Private security guards hired by Seattle parks bail on first shift after belligerent harassment

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Security guards from a private company did not even make it through their first shift in patrolling a city-owned park in Seattle.

Armed security guards hired to protect the grounds at Cal Anderson Park in overnight hours this week left within a few hours of arriving after reportedly being verbally harassed by people living in an encampment area, some of whom allegedly were carrying poles and sticks.

(Image: KOMO News screenshot)

Jaguar Security Services was hired by the Seattle Parks and Recreation Department to patrol the park after the Seattle Police Department did a sweep of the site to clear it of demonstrators and homeless campers. The park, blocks near the area of the Capitol Hill Organized Protest (CHOP), has remained closed since June 30 and police on Tuesday moved in to clear it after complaints by residents and over concerns about a field house damaged in the protests.

Shortly after police left, however, the private security guards were confronted by an allegedly aggressive group that verbally harassed them.

“I went there to make sure, as the owner of the company, that nothing serious would go down. I wanted to make sure everything was going to be cool,” Jaguar Security owner Ricky McGhee told Fox News.

“As soon as we entered that park, they started verbally attacking us … calling us all kinds of names like ‘sellouts’ and [telling us] what they would do to us,” he said, adding that someone was also shining a bright light at them, making it hard to see.

Though the security guards were armed, McGhee noted that they were not looking to start any confrontations.

“Had anybody got within our space, then we would have had to start firing,” he said, according to KOMO News, adding that the group of more than 50 people shouted at them and approached them allegedly carrying objects like sticks. “At that point, they would have been able to overtake us.”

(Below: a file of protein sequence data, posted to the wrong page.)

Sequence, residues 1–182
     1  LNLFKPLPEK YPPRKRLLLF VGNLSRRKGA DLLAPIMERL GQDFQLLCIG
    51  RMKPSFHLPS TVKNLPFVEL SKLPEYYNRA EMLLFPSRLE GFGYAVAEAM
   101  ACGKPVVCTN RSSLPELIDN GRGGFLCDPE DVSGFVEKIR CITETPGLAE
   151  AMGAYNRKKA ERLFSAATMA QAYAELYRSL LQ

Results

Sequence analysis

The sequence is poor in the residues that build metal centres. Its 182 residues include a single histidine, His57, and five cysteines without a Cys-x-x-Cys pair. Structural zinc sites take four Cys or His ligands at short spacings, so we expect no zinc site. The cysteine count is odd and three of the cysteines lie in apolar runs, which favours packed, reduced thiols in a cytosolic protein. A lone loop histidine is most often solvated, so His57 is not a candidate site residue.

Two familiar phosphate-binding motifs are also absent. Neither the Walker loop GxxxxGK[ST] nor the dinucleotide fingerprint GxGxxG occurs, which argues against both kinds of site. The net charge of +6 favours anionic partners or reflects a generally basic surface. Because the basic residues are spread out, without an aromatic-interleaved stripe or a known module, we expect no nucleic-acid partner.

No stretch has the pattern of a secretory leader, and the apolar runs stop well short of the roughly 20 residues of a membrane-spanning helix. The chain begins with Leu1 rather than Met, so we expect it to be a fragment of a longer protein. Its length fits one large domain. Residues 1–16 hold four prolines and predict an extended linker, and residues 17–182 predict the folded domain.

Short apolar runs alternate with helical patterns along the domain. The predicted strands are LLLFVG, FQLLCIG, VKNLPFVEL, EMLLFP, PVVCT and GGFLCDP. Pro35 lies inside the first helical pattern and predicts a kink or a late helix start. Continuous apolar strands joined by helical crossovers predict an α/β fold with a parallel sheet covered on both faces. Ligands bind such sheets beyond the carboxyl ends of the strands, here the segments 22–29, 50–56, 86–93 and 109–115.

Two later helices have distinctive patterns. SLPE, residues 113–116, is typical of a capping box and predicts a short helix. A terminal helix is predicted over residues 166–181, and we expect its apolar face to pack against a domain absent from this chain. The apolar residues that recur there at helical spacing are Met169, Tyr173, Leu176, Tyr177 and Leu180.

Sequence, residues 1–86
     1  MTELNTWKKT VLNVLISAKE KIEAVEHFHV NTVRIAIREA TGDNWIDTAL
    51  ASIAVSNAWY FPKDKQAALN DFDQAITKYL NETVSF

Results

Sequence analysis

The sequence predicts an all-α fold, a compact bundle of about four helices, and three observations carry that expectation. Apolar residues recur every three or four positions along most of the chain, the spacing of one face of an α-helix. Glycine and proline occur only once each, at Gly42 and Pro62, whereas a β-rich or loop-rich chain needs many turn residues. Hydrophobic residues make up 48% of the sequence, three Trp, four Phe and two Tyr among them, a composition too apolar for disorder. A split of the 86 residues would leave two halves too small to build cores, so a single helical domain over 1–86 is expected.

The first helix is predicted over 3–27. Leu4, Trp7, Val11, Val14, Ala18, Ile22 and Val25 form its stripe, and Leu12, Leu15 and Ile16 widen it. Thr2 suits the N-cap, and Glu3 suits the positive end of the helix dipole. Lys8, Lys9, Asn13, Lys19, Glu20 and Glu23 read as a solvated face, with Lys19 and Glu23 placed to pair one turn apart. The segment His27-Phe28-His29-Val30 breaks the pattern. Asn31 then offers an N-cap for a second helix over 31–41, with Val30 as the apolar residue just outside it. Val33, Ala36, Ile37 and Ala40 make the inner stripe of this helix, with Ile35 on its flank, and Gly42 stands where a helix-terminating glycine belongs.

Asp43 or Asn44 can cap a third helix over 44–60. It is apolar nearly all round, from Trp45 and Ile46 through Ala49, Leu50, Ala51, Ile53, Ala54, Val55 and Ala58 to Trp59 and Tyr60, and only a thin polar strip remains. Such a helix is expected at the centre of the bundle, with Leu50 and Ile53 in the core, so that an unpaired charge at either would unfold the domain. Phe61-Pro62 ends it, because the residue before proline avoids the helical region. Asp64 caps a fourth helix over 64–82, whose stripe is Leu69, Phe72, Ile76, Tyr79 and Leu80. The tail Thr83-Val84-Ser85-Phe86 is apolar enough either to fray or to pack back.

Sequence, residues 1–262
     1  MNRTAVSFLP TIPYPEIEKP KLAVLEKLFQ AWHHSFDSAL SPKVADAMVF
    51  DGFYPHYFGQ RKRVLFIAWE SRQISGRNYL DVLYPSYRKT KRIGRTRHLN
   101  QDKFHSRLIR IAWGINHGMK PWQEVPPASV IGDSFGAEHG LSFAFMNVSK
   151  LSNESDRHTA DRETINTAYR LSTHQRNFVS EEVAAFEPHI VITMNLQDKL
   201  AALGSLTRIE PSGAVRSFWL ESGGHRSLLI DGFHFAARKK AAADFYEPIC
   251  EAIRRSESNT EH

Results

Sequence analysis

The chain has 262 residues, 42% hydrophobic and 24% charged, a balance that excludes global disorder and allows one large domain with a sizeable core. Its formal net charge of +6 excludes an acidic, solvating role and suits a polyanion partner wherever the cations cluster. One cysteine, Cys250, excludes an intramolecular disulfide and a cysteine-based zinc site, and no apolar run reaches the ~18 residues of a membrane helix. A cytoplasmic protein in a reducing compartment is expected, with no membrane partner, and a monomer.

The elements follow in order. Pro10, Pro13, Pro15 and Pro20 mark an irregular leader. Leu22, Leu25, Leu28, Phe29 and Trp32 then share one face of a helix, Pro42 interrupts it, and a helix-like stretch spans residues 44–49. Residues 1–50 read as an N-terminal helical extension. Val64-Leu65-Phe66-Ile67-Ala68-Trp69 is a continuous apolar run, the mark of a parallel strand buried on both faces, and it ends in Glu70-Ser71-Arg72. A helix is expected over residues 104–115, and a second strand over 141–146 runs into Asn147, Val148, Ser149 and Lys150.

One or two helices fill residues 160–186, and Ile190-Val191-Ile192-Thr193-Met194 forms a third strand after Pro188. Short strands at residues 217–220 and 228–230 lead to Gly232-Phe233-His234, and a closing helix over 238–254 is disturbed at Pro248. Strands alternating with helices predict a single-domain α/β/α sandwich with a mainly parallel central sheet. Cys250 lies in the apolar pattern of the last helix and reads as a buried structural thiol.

He explained that in a call to the police for assistance, the guards were instructed to walk out of the park to the sidewalk and await officers.

“Unfortunately, we do not have the resources available to commit officers to the park on a full-time basis,” a police spokesperson told KOMO. “But we will still respond to 911 calls to the area.”


(Source: KING 5)

The Seattle City Council voted last month to defund the police department and President Trump this week called out Seattle and other “lawless” cities run by Democrats as he threatened to withhold federal funding.

Rachel Schulkin, a Seattle Parks and Recreation spokeswoman, told Fox News that they are continuing to work with the security firm on a “night-by-night” basis as “we reassess daily the security needs for Cal Anderson Park.”

“Jaguar Security opted to leave the park on Tuesday evening as the large crowd of protesters was not responding to requests to disperse, continued to harass the security guards, and out of a desire to not escalate the situation,” she said.

She also indicated that it would cost about $3,400 for one night of security, as the city was to pay $85 per hour per guard scheduled to patrol the park for 10 hours from 8 p.m. to 6 a.m., according to KING 5-TV.

McGhee told Fox News his company is trying to work with the city to come up with a plan for their safe return.

“These people that are doing that stuff, they’re putting themselves in danger,” he said. “We could have engaged right when they put those lights in our eyes and they had those weapons in their hands.”

The guards reportedly did not return to the park on Wednesday though protesters did, and tents apparently were back up as well as police did not enforce the park closure.

Seattle Police reportedly made seven arrests in the sweep of the park on Tuesday and found “homemade spike strips, weapons and dozens of makeshift shields” inside of the tents.

“Officers obtained a warrant to search the tent and recovered a machete, hatchet, homemade spike strips, an unexploded mortar, and multiple makeshift shields,” a police report said, noting that no arrests had been made.

Residents and business owners are frustrated with the city’s response to protests and the situation at Cal Anderson Park.

“I believe it’s a sign of a community in crisis,” Louise Chernin, CEO of the Capitol Hill Business Alliance, told KOMO. “How do they retain the safety for their business, but also be supportive of what’s going on in their community?”

An apartment complex across the street from the park has reportedly hired private security to protect residents and some Capitol Hill business owners have purchased guns for self-protection.

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Frieda Powers

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